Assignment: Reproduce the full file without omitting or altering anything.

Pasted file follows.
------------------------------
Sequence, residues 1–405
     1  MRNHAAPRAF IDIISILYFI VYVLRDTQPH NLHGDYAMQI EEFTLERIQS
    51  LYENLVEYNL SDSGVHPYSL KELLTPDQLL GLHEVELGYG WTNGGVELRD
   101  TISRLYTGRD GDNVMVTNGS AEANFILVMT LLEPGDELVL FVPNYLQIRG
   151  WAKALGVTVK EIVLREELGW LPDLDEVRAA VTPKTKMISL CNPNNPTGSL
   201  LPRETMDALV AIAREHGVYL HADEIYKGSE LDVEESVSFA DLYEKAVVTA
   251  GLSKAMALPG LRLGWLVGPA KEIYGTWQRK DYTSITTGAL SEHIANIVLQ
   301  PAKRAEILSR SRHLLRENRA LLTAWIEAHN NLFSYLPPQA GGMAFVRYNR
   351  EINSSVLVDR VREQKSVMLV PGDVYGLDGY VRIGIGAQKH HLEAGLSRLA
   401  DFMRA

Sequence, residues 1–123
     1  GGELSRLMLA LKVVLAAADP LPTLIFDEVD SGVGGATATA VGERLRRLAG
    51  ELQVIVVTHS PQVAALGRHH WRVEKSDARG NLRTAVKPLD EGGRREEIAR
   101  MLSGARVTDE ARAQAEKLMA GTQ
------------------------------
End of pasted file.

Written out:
Sequence, residues 1–405
     1  MRNHAAPRAF IDIISILYFI VYVLRDTQPH NLHGDYAMQI EEFTLERIQS
    51  LYENLVEYNL SDSGVHPYSL KELLTPDQLL GLHEVELGYG WTNGGVELRD
   101  TISRLYTGRD GDNVMVTNGS AEANFILVMT LLEPGDELVL FVPNYLQIRG
   151  WAKALGVTVK EIVLREELGW LPDLDEVRAA VTPKTKMISL CNPNNPTGSL
   201  LPRETMDALV AIAREHGVYL HADEIYKGSE LDVEESVSFA DLYEKAVVTA
   251  GLSKAMALPG LRLGWLVGPA KEIYGTWQRK DYTSITTGAL SEHIANIVLQ
   301  PAKRAEILSR SRHLLRENRA LLTAWIEAHN NLFSYLPPQA GGMAFVRYNR
   351  EINSSVLVDR VREQKSVMLV PGDVYGLDGY VRIGIGAQKH HLEAGLSRLA
   401  DFMRA

Sequence, residues 1–123
     1  GGELSRLMLA LKVVLAAADP LPTLIFDEVD SGVGGATATA VGERLRRLAG
    51  ELQVIVVTHS PQVAALGRHH WRVEKSDARG NLRTAVKPLD EGGRREEIAR
   101  MLSGARVTDE ARAQAEKLMA GTQ